The Mini is now occupying 40 or so square feet of my driveway, which is to say the trip to Seattle to retrieve it went well, and the car got me home. On first in-person inspection, I was pleasantly surprised at how well the car showed; usually photos hide blemishes but in this case there just weren’t that many to hide. The guy the seller had hired to restore the car was there to walk me through it and take it on a test drive, and I got my first taste of what a hopped up 1275 motor can do when it’s pushing less than 1300 lbs of car. The cliches all hold true: it handled as if it were on rails, and the front wheel drive is a very different animal from the Alfa experience I’m used to.
There was some drama when we realized the VIN plate had gone missing during the car’s restoration, and there was no other visible indication on the car of an original VIN. This meant I’d have no chance in California of registering the car. Luckily, the seller located the VIN plate in a random box at his parents’ house and my concerns were partially assuaged. California is pretty strict about registering out of state cars and would require a VIN in at least two locations. As much as I liked the car, I decided to risk it and drive it home and let fate decide the rest. More on this later…
Bringing the car to Group 2 in Seattle confirmed the suspicion that there were some suspension problems up front. On this front engine, front wheel drive car, the front ball joints take a beating and are notorious for requiring some regular maintenance and replacement. Unfortunately I didn’t have enough time to do the repairs in Seattle, so I had to drive home with a lot more prudence than I would have preferred — this was probably for the best.
Appropriately enough, my route home was S-shaped. I wanted to avoid I-5 as much as possible, so I visited some family near Tacoma, then headed south and over the top of Oregon before descending down to Bend, Oregon for the first night. From Bend, I drove southwest to Medford and Grants Pass, then over the Redwood Highway to Eureka, California for the second night, and had a leisurely drive home the next day via Mendocino and Highway 128 through Anderson Valley.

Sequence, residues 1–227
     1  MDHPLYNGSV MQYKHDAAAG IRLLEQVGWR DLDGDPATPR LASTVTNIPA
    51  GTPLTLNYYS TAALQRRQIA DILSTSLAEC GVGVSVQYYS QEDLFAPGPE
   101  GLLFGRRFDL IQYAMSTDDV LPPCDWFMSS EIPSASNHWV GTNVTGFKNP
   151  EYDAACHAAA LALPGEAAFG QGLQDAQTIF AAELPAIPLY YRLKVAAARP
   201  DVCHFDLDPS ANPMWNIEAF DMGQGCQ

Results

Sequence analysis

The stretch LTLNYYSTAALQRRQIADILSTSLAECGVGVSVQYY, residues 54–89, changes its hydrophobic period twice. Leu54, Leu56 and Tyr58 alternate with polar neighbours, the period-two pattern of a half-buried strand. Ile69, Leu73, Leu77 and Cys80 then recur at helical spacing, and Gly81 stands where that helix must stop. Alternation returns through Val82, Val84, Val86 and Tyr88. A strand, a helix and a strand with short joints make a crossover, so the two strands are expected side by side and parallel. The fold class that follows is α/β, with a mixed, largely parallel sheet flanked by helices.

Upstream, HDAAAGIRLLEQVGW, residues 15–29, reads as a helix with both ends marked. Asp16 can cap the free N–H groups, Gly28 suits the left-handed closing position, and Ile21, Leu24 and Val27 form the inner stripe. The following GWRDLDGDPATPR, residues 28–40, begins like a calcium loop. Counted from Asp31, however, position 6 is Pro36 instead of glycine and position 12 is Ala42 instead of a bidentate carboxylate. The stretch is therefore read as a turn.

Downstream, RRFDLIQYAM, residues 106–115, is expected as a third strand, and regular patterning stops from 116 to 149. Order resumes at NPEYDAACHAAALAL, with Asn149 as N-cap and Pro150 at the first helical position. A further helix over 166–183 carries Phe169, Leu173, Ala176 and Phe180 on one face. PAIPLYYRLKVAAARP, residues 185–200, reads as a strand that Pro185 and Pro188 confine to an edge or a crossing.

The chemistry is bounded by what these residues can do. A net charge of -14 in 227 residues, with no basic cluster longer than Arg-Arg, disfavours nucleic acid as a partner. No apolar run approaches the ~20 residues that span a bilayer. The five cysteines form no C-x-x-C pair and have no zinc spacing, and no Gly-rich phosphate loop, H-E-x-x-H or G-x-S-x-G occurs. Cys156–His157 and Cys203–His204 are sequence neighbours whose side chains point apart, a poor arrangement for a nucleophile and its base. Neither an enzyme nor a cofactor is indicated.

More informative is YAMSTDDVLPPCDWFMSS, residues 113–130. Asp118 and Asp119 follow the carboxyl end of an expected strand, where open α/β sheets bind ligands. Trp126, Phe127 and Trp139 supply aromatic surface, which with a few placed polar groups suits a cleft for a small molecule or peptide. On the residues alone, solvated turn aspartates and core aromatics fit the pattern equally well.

Needless to say, it was a very scenic trip in a very photogenic little car. See the slide show below for a lot more photos.
The VIN saga has a happy ending. Various posts on the MiniMania.com forum mentioned that the VIN was sometimes stamped along the top of a triangular support piece in the engine compartment. Given that my car had received a very good repaint a few years ago, it was impossible to tell if this stamp existed or not. There were some slight irregularities in the paint in this location, which my hopeful mind filled in as ‘MA’, i.e. the first two letters of the VIN which is MA2S4L12334. I bit the bullet and sanded a section of the paint down to metal. What I found was not MA…. but just the VIN numbers themselves: 12334. In Mini-parlance, everything up to the L is just a series of descriptors (M = Morris, A = the A type motor, 2S = 2 door Sedan, 4 = Morris Mk1, L = Left-hand drive). In any case, it was a relief to have anything at all on the body of the car that matched the title and VIN plate, and the guy at DMV barely blinked when I showed it to him.
The car now sits in the driveway because the front right wheel bearings are shot. Rotating the wheel produces a sound like stirring a bucket of gravel and mice. As soon as I get the needed tools (big sockets in weird sizes), I’ll take it all apart and install some new heavy duty bearings and repair the ball joints while I’m at it.